This is a book review. It’s part of a new series on this blog that began last week. I hope you find it useful.
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I’m deeply interested in MakerSpaces, of course, and I make quite a lot of things myself. This is a fairly short book, as well, and more of a workbook than a true book. As the author titles it, it’s a Starter Guide, not an exhaustive examination of the topic.
Yet given how many times I say, “I teach about and in makerspaces,” that the response is “What’s a MakerSpace?” both Nick and I have a good deal more work to do (fair warning, Nicolas Provenzano and I follow one another on Twitter) in bringing this idea to the masses. It’s not part of the common lingua franca yet, and it could be and should be. But that means that we have to do the job of educating the public, and stakeholders in schools and libraries and other institutions that could have MakerSpaces successfully.
The book contains eight short chapters:
- What is Making?
- I know what Making is; why should I care?
- Where does a MakerSpace go in a school?
- Making allies
- What goes in a MakerSpace?
- MakerSpaces and Project-Based Learning
- Failure and MakerSpaces
- Final Thoughts
He also concludes with information about his own identity as a Maker and teacher, and how to reach out to him and use his skills as a teacher-educator in your own institution. Which is awesome.
One of the things that I didn’t benefit from, that readers of the paperback edition may enjoy, is that this is a workbook. As any good Maker will tell you, the interaction process between the thing that you make, and the audience you make it for, matters. That’s certainly true here. Even in the Kindle edition, the illustrations and workbook pages give you the opportunity to engage with the book by writing your own (offline) lists and make your own mind-maps of the things that the book inspires in you.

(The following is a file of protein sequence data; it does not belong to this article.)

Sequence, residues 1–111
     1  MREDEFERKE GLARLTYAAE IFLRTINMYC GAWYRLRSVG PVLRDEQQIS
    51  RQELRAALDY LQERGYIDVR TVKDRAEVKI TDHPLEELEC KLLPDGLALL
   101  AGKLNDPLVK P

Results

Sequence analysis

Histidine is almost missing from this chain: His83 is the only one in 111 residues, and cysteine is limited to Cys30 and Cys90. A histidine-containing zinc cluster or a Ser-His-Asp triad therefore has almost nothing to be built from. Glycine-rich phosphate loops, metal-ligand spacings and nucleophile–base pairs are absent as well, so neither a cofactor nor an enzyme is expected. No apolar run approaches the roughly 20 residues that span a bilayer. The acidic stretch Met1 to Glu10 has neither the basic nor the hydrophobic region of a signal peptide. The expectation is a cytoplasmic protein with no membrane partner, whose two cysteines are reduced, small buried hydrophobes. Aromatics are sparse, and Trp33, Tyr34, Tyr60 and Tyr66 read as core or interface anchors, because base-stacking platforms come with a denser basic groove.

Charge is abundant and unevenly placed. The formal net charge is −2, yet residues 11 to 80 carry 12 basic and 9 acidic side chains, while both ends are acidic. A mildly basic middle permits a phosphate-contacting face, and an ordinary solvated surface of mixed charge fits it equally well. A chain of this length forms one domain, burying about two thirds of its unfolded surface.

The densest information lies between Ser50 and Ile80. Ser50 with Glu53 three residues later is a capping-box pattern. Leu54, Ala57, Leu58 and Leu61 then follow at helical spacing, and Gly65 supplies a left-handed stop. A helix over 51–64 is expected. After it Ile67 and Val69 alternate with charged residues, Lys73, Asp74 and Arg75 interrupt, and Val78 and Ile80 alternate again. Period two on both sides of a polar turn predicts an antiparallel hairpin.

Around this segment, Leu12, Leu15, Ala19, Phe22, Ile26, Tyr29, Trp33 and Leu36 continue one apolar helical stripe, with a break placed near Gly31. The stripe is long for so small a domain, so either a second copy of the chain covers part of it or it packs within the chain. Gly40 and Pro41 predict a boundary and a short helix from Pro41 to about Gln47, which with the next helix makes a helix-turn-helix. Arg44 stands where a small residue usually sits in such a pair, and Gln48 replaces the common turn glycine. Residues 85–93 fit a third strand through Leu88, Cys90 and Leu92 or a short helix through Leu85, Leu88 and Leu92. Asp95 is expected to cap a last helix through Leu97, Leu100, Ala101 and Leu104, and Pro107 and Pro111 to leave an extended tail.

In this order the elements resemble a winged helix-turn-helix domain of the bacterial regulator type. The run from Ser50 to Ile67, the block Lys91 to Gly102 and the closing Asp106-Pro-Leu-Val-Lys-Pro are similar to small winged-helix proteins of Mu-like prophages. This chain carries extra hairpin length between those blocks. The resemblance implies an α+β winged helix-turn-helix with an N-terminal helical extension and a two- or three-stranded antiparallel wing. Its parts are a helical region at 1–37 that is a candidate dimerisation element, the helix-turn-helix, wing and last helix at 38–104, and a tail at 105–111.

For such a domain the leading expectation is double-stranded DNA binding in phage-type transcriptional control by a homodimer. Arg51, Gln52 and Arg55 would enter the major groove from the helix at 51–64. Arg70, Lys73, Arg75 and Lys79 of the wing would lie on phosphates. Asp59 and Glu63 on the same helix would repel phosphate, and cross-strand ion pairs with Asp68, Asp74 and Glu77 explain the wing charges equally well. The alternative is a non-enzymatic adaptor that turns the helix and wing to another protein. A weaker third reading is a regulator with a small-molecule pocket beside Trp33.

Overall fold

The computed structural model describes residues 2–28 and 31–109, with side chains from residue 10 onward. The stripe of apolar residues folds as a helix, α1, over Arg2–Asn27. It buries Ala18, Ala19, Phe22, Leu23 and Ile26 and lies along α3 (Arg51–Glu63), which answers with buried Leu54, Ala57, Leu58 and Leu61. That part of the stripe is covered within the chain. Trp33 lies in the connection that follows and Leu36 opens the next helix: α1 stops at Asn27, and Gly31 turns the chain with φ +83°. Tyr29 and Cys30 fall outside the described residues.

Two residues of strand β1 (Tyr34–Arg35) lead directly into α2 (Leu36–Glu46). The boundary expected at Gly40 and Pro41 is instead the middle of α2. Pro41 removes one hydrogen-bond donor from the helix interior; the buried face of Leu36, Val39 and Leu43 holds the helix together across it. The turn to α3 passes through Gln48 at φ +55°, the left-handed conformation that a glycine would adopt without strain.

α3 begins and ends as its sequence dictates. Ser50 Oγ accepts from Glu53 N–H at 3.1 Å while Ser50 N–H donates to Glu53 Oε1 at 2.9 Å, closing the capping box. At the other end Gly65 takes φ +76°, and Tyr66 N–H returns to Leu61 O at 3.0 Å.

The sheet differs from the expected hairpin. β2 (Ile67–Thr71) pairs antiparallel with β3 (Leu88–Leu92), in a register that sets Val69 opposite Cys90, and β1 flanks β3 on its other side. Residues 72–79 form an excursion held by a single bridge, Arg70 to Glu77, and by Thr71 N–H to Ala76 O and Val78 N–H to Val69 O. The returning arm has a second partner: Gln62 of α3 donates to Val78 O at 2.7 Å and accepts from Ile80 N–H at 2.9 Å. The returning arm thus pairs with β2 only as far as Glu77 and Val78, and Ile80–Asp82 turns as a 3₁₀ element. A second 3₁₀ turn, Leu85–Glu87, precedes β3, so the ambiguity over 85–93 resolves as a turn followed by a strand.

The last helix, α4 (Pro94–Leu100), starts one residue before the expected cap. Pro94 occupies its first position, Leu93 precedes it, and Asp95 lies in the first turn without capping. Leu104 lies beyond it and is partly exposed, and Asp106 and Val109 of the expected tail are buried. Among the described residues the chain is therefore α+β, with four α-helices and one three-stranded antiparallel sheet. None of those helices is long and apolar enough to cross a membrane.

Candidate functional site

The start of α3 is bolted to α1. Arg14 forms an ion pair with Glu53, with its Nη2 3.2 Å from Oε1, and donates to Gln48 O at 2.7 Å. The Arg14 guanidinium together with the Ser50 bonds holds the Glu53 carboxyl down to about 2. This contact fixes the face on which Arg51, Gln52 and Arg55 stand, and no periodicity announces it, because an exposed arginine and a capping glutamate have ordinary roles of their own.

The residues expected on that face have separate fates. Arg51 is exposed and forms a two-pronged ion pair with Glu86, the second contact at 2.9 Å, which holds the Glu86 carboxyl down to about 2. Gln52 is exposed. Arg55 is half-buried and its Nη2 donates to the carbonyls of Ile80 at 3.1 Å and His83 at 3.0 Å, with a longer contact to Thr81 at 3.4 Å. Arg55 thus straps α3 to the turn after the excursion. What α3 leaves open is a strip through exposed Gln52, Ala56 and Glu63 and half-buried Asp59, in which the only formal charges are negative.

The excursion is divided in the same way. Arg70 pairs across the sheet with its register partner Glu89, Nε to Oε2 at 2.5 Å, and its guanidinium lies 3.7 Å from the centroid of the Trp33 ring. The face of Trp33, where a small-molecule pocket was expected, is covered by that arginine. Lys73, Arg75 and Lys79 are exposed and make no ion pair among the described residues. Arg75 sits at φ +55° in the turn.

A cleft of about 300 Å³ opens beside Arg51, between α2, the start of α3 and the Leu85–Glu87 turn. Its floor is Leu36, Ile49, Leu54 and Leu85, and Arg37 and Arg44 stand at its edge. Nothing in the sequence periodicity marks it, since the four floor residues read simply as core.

The book’s primary audience is a teacher, particularly one who is already invested in the idea of project-based learning (PBL), or who has support within her institution for a change to a more hands-on program that involves building and creating within STEM (Science, Technology, Engineering, Mathematics) fields. I’ve argued elsewhere that it should be STEAMED (adding Arts, Entertainment, Design) but very sensible commentators have responded to that.
Provenzano admits that this is not a book for an advanced practitioner, but a starter guide. It’s not systematic, but rather it’s a combination of encouragement, first-hand accounts from a MakerSpace-as-classroom that he himself ran, and top-level considerations of equipment, toolkit, and mental attitude that help MakerSpaces get launched and succeed. This kind of teaching and learning is valuable and important, though I wish he’d included more discussion about budgeting and financial planning for MakerSpaces, because money (where it comes from and how to get supplies, tools and equipment with it?) and time (how does the MakerSpace avoid burning out the teacher[s] who run them?) are rarely addressed in MakerSpace books and articles to nearly the extent they need to be.
That said, Provenzano does address a number of important points, like the scale or size of a MakerSpace, what equipment and tools it needs to have, and how much access a school should/could provide to its student body to use the space. He addresses the process of finding allies for a MakerSpace program, in the student body and administration, in the parent and alumni community, and in the local business climate. The book concentrates to a high degree on what is wrong with schools, and shows some cheeky rebelliousness — but this is often the only posture a would-be change agent can take in the modern American school climate: if schools weren’t doing anything wrong, there wouldn’t be a need for MakerSpaces, would there?
All the same, Provenzano’s points echo my own sense of Maker work in schools. Hands-on practice with tools, with materials, with construction and design process, all help make students and teachers into more well-rounded, more competent and capable people. They’re more skilled at solving problems outside their own usual wheelhouse, because they’ve solved problems involving physical materials and invisible forces (like the flow of electricity through a circuit, or the arrangement of parts so a thing stands on its own). I think this is a great book for teachers or librarians starting out, who have curiosity about how to get a program started; and I’d happily recommend Provenzano to come to your school or library to help your MakerSpace get started.